Aron says she was 'shocked' by Brock's attack Ex-Senate candidate's suit may go to jury next week

February 23, 1996|By Dennis O'Brien | Dennis O'Brien,SUN STAFF

Sounding again like a candidate, Ruthann Aron told an Anne Arundel Circuit jury yesterday that she ran for the U.S. Senate in 1994 because the country was in trouble, and that she was stunned when her opponent called her a criminal.

"I was shocked, shocked," Ms. Aron told jurors in an emotional voice yesterday, describing her reaction to charges by her opponent in the Republican primary, William E. Brock.

Ms. Aron is suing Mr. Brock, charging defamation for his television ads and for saying at a Rockville news conference a week before the 1994 Republican primary that she had been "convicted" of fraud. Mr. Brock, a former U.S. senator from Tennessee and heir to a candy company fortune, won the primary but lost the general election to Democratic Sen. Paul S. Sarbanes

She said Mr. Brock's attacks cost her the election, ruined her reputation and have made it difficult for her to conduct business or appear in public.

A few days after the news conference, a woman came up to her in a Rockville supermarket and told her, "You ought to be ashamed of yourself. You shouldn't be running for office, You've been convicted of a crime," Ms. Aron testified.

Mr. Brock testified that the ads were reasonable campaign tactics and that if he was wrong to use the word "convicted" at his news conference, it was only because Ms. Aron had just accused him of fraud in a Pennsylvania land deal.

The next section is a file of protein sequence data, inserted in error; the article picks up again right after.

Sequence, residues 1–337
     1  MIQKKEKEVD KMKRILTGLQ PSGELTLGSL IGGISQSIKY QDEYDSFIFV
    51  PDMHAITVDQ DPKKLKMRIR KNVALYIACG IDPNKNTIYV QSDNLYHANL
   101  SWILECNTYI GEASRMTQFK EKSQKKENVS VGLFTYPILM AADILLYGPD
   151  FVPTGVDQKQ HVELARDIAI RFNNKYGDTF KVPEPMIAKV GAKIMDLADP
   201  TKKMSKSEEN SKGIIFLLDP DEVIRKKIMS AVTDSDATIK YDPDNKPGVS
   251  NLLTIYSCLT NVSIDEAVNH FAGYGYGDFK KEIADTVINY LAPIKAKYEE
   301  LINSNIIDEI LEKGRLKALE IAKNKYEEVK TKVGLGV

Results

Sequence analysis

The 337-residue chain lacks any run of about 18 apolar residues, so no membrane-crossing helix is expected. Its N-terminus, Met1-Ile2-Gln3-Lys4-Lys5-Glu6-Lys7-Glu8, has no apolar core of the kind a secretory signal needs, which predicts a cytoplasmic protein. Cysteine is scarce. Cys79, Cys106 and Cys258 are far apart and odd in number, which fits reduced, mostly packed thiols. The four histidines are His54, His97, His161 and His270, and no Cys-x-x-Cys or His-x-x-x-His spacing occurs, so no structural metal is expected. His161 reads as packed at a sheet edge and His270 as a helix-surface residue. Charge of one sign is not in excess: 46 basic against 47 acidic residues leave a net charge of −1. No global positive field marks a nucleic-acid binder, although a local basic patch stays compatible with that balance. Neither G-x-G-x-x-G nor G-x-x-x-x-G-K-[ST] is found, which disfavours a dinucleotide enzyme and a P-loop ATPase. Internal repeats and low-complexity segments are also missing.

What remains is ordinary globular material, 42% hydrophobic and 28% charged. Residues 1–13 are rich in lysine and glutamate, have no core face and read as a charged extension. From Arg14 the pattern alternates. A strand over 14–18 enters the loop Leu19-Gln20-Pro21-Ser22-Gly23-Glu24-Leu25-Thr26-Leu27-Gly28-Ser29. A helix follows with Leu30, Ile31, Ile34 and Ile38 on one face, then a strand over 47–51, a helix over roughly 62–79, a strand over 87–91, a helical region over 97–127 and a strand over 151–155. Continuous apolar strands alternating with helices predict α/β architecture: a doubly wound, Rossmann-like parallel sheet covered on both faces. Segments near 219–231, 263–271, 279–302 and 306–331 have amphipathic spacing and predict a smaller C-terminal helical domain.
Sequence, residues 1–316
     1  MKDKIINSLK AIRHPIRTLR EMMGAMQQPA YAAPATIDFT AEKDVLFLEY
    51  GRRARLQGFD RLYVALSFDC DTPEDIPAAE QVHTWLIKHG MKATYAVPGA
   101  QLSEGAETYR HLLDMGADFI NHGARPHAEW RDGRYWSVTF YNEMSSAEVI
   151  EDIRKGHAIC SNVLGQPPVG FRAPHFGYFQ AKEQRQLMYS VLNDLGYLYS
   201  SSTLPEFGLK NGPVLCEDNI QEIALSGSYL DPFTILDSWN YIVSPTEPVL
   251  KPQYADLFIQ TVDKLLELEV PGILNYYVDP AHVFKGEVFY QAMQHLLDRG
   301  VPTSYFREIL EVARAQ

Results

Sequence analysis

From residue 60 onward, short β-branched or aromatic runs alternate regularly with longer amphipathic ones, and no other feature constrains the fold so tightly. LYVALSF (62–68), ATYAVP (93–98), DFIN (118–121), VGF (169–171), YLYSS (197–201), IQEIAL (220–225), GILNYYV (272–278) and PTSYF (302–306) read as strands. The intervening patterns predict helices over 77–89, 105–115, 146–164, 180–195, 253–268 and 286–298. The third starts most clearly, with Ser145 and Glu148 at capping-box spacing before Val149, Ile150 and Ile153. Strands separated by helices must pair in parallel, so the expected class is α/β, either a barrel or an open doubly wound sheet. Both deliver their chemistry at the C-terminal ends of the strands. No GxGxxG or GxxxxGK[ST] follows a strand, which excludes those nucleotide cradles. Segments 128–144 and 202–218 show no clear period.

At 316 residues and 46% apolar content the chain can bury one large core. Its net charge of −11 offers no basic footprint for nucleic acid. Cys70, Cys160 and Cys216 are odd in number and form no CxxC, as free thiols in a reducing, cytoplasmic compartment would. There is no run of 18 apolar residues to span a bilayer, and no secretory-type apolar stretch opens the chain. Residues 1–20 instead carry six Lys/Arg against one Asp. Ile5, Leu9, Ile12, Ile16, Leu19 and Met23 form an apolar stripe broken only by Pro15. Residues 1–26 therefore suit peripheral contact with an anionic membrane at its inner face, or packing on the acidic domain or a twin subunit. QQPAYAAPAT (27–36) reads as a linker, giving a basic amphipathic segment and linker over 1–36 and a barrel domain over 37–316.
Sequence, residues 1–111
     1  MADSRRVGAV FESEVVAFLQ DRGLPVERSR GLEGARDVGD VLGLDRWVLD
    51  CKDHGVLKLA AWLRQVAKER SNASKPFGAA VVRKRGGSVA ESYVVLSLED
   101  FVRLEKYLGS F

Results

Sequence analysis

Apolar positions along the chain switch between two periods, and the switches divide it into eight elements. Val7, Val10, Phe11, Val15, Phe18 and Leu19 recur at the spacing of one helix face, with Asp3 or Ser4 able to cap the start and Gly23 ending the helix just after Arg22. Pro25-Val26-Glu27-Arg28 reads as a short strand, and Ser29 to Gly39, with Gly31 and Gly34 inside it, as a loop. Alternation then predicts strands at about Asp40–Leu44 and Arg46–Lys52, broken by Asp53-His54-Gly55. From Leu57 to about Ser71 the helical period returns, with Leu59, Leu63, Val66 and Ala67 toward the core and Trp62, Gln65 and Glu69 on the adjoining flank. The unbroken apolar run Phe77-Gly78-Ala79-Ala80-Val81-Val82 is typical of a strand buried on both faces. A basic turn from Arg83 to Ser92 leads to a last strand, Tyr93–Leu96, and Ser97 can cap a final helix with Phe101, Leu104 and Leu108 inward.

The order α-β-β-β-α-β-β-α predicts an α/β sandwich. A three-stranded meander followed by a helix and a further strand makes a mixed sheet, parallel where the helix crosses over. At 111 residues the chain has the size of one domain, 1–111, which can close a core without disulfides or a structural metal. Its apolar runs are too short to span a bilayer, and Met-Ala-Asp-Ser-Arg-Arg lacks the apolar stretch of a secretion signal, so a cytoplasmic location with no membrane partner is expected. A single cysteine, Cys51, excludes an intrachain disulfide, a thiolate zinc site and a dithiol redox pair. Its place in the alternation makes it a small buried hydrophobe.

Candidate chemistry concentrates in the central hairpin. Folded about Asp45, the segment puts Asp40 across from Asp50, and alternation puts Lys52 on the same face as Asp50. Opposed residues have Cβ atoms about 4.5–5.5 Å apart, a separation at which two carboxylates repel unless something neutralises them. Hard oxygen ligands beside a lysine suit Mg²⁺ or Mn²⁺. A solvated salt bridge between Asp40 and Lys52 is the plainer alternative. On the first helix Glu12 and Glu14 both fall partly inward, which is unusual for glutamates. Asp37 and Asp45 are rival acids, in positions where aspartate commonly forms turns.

"I was sputtering," Mr. Brock told jurors.

Mr. Brock's television ads said Ms. Aron had "trouble obeying the law," that a court had "ruled her out of bounds" and that she had to pay "more than $300,000 because of her wrongdoing."

Ms. Aron acknowledged yesterday that juries ruled against her intwo civil suits filed by former business partners and that she paid about $175,000 to settle each suit.

But she said both cases were civil matters -- not criminal -- and that both judgments have been vacated, or annulled.

"People settle business disputes all the time," she said.

She denied that her television ads were negative, saying she fired her first media consultant because of the ads he produced and she refused to air.

"To me, negative is when what you say is not true. I spoke the truth," she said.

Under cross-examination by Mr. Brock's lawyer, T. Joseph Touhey, Ms. Aron denied that she settled the civil suits to avoid an inquiry by the Maryland Attorney Grievance Commission, which can pull a lawyer's license for ethics violations. She said she agreed to the settlements to put the matters behind her.

"I understand the spin you're trying to put on this, but that wasn't the case," she said.

The case is expected to go to the jury next week.

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